Abortion travel benefits, which are now being offered by many American employers, are illegal under Title VII of the Civil Rights Act of 1964 and, most likely, under the Americans with Disabilities Act as well.

When the Supreme Court issued its decision overturning Roe v. Wade and allowing states to enact abortion restrictions, businesses across the country announced a new benefit for employees in states where abortion is restricted. For example, Dick’s Sporting Goods CEO Lauren Hobart recently announced that her company will pay up to $4,000 in travel expenses for employees, spouses, and dependents enrolled in the company’s medical plan who wish to obtain out-of-state abortions. Some employers provide abortion travel reimbursement to employees who travel more than a certain number of miles to obtain abortion services.

These benefits, however, are discriminatory — whether the employers realize it or not.

Employers are prohibited by Title VII from discriminating in “compensation, terms, conditions, or privileges of employment based on such individual’s race, color, religion, sex, or national origin.” Congress amended the law in 1978 to expressly prohibit pregnancy discrimination, requiring that all employees, regardless of pregnancy status, “be treated the same for all employment-related purposes, including receipt of benefits under fringe benefit programs.”

It is pregnancy discrimination to provide financial benefits to employees who wish to travel to terminate pregnancies while providing no equivalent benefits to employees who wish to travel to receive medical care to maintain pregnancies or to receive medical care for children in the womb. The formerly pregnant employee who returns from her abortion is compensated financially. The pregnant employee who returns still pregnant is not rewarded in the same way.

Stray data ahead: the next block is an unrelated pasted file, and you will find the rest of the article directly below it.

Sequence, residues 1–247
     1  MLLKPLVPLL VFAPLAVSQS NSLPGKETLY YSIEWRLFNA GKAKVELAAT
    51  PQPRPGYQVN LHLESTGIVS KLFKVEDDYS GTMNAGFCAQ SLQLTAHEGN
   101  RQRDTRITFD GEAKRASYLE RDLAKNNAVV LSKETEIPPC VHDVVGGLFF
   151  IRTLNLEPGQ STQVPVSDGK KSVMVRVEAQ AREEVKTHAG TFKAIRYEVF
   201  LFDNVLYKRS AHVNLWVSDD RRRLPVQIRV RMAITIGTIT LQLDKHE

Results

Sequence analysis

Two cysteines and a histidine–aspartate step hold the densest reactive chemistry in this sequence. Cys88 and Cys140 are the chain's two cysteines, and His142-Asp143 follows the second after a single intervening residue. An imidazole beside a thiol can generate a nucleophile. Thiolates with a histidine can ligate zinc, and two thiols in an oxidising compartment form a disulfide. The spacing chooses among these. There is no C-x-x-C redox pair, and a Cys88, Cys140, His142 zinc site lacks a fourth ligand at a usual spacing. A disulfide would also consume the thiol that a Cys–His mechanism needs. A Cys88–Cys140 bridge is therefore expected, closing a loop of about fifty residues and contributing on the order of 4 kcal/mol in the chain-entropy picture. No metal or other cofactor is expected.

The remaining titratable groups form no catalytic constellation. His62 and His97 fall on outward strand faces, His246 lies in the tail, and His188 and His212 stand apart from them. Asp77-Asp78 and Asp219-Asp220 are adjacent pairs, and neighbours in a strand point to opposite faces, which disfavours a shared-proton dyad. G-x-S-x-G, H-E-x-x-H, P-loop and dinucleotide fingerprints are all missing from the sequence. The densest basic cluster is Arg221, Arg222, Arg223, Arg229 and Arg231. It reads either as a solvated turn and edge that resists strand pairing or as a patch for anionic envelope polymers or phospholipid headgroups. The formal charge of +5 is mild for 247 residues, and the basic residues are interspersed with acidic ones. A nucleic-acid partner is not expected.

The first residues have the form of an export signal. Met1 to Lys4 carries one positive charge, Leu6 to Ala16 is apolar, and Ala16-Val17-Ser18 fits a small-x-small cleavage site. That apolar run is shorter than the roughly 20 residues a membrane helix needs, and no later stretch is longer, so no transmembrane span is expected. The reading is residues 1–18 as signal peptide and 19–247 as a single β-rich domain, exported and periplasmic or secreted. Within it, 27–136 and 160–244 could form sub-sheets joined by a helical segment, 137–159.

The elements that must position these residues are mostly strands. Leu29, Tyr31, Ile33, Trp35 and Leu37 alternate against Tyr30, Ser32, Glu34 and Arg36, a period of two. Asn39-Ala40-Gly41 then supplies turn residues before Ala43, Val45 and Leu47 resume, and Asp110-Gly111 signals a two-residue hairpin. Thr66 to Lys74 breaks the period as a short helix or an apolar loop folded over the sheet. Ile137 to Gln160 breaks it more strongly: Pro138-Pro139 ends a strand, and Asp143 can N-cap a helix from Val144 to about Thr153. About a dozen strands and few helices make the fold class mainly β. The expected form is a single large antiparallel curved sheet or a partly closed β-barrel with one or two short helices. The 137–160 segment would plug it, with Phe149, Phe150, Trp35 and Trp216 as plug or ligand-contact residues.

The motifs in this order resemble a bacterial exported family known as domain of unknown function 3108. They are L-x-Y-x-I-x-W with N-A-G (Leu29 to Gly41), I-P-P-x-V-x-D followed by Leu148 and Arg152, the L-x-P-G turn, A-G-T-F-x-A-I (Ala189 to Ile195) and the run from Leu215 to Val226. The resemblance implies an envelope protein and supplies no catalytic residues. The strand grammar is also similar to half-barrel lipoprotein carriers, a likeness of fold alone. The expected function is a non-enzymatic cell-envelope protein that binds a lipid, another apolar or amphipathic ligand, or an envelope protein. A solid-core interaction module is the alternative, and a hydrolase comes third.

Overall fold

Employers also have perverse profit incentives to provide better benefits to employees who choose to abort children than to employees who choose to have and raise children. Those who choose abortion are more likely to need less pregnancy-related leave and less family and medical leave to care for sick children or attend parent-teacher conferences. Employees who choose abortion place a lower burden on an employer’s health-care costs than those who continue a pregnancy and raise a child.

However, as the Supreme Court stated in the Newport News Shipbuilding v. EEOC case in 1983, “discrimination based on a woman’s pregnancy is, on the surface, sex discrimination.” Furthermore, as the Supreme Court stated in Young v. UPS in 2015, employers cannot normally provide a benefit to some workers that they do not provide to pregnant workers simply because it is more expensive or inconvenient to provide the benefit to the pregnant woman than to the nonpregnant woman.

Title VII prohibits discrimination against an employee “based on her decision not to have an abortion,” according to Equal Employment Opportunity Commission guidance. It also emphasizes that pregnancy and childbirth-related medical needs must be treated the same as other medical needs, and that pregnancy and childbirth-related benefits must be equal to other benefits.

Furthermore, limiting fringe benefits to pregnant employees who will terminate their pregnancies may contribute to a religiously hostile environment toward pregnant employees whose religious beliefs prohibit abortion.

Employers must consider not only Title VII’s prohibitions on pregnancy and religion discrimination, but also the Americans with Disabilities Act’s prohibition on disability discrimination. The ADA prohibits employers from discriminating against employees with disabilities “in regard to [the] privileges of employment,” including employment benefits. According to the ADA, employers who provide abortion travel benefits must also provide equivalent benefits to people with disabilities who travel to receive desired healthcare services.

Employers should consider proposed employment benefits in light of anti-discrimination laws. Furthermore, board members and shareholders should evaluate their fiduciary responsibilities in light of such policies.